A session begins when a visiting client somehow identifies itself to the web server. The
web server assigns the client a unique session id, which the client uses to re-identify itself
as it moves from page to page on the website. Most of the time, these unique ids are stored
in session cookies that expire after the client hasn't interacted with the server for some
amount of time. The amount of time varies depending on the web application. For
example, an online investment site might have very short sessions, so that if a user leaves
her computer without logging out, another user who sits down at the same computer
several minutes later cannot continue with the first user's session.
The picture above shows the Memory Variables settings in ColdFusion Administrator,
where Session management is configured.
J2EE Session Variables
The first checkbox gives the option of using J2EE session variables instead of ColdFusion
session variables. The two major advantages of using J2EE session variables are:
- Sessions end when a user closes the browser. This is not the case with ColdFusion
- The Session scope is serializable, which allows session variables to be shared
across servers. Again, this is not the case with ColdFusion session variables.
There is really no downside to using J2EE session variables, so it is recommended that
you check this box.
Enabling Application Variables
The second checkbox gives the option to enable Application variables. Application
variables are shared between all users of the application and live until ColdFusion
Application Server is shut down, they are explicitly deleted, or the application times out
due to a setting in <cfapplication>.
Application variables are useful for storing data such as data source names and file paths
that are the same for all users over the life of the application, so it is recommended that
you check this box.
Enabling Session Variables
The third checkbox gives the option to enable Session variables. Session variables are
variables that are specific to a user's session (or visit) on the site. If session variables are
not enabled, it becomes very difficult to track a user throughout his visit, so it is
recommended that you check this box as well.
The <cfapplication> Tag
The <cfapplication> tag is used to:
- Define the name of a ColdFusion application.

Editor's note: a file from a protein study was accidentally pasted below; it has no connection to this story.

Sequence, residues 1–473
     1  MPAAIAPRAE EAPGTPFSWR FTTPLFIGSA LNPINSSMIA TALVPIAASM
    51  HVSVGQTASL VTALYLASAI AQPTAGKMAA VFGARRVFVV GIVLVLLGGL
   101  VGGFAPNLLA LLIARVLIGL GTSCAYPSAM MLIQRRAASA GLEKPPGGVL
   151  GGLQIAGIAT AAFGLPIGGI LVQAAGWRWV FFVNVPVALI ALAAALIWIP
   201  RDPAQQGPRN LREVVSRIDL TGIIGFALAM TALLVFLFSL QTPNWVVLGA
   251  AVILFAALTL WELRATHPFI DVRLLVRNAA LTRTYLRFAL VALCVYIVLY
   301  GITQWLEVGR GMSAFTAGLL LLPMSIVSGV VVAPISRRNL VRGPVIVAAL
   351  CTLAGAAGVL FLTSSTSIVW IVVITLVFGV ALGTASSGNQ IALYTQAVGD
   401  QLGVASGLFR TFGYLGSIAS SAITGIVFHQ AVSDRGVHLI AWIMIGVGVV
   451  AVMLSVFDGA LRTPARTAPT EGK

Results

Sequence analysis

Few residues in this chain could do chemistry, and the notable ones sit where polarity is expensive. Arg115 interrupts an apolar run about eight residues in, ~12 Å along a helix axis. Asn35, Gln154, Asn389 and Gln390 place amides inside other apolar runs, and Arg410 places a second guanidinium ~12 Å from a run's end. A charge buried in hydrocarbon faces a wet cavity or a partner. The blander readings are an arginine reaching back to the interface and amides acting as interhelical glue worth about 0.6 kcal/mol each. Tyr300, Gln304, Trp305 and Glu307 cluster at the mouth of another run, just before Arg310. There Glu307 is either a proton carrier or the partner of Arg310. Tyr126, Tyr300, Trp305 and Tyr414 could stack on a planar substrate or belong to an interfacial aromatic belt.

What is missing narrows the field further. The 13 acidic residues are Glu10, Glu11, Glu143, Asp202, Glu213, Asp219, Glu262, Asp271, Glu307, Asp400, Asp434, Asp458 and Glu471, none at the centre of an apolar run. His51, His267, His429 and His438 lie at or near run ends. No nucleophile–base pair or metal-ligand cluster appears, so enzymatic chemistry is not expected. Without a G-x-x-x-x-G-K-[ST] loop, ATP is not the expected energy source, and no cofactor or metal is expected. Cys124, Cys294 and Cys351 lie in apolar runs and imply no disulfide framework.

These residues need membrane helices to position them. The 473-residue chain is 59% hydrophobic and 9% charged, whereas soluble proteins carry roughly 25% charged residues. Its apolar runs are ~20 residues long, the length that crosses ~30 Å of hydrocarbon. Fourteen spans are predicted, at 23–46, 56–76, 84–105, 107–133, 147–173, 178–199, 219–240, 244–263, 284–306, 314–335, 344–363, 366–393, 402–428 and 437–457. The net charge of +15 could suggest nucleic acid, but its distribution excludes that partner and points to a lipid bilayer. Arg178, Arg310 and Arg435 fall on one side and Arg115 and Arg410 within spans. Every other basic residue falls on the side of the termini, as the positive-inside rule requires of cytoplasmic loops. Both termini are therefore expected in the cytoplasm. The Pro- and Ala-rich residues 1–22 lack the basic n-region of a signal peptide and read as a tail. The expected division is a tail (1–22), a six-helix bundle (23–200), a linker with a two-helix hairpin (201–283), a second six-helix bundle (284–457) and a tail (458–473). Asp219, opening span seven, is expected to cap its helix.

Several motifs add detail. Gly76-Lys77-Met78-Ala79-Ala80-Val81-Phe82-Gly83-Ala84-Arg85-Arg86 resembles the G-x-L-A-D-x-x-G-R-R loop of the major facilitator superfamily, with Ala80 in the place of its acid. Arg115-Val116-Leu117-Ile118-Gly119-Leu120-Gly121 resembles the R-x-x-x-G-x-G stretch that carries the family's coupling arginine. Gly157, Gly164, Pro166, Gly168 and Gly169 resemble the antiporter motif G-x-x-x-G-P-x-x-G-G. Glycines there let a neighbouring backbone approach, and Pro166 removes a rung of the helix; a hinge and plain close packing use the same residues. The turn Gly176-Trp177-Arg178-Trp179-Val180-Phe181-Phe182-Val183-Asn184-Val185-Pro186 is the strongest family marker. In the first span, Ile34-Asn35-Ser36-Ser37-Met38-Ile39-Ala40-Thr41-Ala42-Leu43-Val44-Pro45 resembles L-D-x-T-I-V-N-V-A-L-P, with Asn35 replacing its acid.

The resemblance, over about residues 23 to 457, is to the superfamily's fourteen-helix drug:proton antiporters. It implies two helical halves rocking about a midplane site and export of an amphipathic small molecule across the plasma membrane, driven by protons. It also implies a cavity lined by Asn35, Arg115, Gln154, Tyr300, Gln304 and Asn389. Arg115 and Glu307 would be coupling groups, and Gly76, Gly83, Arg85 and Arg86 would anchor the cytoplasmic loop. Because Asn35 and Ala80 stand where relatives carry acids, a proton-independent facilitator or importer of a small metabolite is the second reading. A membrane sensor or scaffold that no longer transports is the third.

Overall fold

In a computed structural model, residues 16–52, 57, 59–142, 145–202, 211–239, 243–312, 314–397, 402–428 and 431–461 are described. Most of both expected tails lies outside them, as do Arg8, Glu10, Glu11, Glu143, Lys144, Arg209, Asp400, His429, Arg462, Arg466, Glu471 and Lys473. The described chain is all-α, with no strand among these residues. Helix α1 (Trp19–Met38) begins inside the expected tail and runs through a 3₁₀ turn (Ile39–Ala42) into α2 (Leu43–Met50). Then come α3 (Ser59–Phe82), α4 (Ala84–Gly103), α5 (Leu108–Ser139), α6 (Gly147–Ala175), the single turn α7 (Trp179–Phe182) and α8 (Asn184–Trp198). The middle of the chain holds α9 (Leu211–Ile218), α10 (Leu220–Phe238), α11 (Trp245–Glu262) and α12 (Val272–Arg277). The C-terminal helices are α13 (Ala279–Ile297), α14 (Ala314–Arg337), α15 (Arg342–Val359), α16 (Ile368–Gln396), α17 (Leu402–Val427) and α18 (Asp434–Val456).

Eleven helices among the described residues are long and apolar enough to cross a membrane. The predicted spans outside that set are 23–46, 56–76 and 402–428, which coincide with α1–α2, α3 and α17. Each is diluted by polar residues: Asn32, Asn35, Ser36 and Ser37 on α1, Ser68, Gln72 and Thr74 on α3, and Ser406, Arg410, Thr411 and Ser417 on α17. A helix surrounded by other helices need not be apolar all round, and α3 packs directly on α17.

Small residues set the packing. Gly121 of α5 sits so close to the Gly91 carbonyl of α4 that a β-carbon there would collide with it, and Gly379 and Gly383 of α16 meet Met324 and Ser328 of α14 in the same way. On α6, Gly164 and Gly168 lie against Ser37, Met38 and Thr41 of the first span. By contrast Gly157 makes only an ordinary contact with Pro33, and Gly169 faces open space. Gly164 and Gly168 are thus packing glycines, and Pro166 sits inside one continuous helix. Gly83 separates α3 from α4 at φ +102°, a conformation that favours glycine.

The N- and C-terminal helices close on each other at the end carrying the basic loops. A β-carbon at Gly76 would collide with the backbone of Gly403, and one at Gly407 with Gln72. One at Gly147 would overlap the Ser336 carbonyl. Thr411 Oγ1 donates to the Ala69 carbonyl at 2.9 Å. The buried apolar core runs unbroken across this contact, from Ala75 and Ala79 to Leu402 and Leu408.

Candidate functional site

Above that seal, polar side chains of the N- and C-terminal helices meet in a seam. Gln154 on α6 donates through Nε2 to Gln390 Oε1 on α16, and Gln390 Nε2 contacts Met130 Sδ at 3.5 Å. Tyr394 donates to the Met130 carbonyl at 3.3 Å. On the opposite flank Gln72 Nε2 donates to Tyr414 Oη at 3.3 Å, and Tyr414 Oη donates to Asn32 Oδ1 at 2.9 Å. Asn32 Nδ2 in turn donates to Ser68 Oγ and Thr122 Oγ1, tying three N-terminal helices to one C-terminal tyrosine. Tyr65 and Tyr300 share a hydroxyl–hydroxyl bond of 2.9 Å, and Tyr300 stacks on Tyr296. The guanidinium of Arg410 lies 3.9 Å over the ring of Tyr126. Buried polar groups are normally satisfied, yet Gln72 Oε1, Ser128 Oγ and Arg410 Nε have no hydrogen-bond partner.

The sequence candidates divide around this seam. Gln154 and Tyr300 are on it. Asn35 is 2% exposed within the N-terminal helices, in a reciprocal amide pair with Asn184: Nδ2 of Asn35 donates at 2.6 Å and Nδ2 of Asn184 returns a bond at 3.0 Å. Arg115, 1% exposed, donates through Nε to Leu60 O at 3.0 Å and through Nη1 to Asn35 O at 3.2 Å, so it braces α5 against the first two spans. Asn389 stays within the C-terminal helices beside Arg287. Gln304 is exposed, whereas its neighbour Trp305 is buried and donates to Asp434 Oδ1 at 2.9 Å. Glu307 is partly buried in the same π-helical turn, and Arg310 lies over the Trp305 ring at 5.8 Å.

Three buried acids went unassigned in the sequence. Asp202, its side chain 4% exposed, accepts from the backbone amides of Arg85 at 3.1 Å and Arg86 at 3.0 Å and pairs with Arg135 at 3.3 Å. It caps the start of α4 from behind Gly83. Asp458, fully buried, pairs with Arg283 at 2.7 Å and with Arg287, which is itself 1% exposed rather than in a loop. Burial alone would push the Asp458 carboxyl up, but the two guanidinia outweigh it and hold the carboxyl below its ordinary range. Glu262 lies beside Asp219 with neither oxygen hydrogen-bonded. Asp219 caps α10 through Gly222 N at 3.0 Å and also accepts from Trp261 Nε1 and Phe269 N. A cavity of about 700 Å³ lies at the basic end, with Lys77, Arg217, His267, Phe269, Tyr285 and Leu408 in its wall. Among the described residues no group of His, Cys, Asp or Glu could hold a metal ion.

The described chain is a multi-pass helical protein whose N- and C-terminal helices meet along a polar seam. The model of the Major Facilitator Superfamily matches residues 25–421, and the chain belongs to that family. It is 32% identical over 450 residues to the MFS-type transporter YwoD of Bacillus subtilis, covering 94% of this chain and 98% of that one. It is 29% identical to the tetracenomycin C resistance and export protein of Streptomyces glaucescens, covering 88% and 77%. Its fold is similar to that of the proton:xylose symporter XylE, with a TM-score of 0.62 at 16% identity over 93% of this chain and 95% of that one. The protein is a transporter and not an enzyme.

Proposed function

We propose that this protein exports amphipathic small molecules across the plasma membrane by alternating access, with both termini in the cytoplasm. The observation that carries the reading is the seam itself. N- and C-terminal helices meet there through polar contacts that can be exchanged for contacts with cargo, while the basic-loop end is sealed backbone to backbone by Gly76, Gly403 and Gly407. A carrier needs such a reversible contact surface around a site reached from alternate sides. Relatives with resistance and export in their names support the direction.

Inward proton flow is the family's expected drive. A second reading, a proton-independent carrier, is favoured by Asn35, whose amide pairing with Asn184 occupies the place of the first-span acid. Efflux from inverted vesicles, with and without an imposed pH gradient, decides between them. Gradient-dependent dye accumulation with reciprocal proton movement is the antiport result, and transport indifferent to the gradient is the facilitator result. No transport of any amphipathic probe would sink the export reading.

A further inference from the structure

- Enable or disable Client variables.
- Specify where Client variables are stored.
- Enable Session variables.
- Set Application variable timeouts.
||Name of application.
||Where to store login variables (in Cookies or
||Enable client variables. Default is "No".
||Where to store client variables.
||Enable cookies. Default is "Yes".
||Enable session management. Default is "No".
||Lifespan of session variables.
||Lifespan of application variables.
||Sets CFID and CFTOKEN for a domain.
The <cfapplication> tag is most often used at the top of the Application.cfm
file. A typical <cfapplication> tag looks like this:
If sessionTimeout and applicationTimeout are not
defined in the <cfapplication> tag, as in the tag above, the
default values set in ColdFusion Administrator are used.
Basics of Structures
A ColdFusion structure is a data type that can be used to hold collections of like data.
ColdFusion provides many functions to make it easy to work with and manipulate
structures. A few of these functions are described in the table below.
||Returns true if the specified variable is a structure.
||Creates a new structure.
||Removes all data from specified structure.
||Removes the specified item from the specified structure.
||Returns the value associated with the specified key in the
The example below creates a structure called person,
adds properties to the structure, deletes a property and then loops through a substructure.
The Session, Application, and Client scopes are all available as ColdFusion structures,
which means that they can be manipulated using the Structure functions.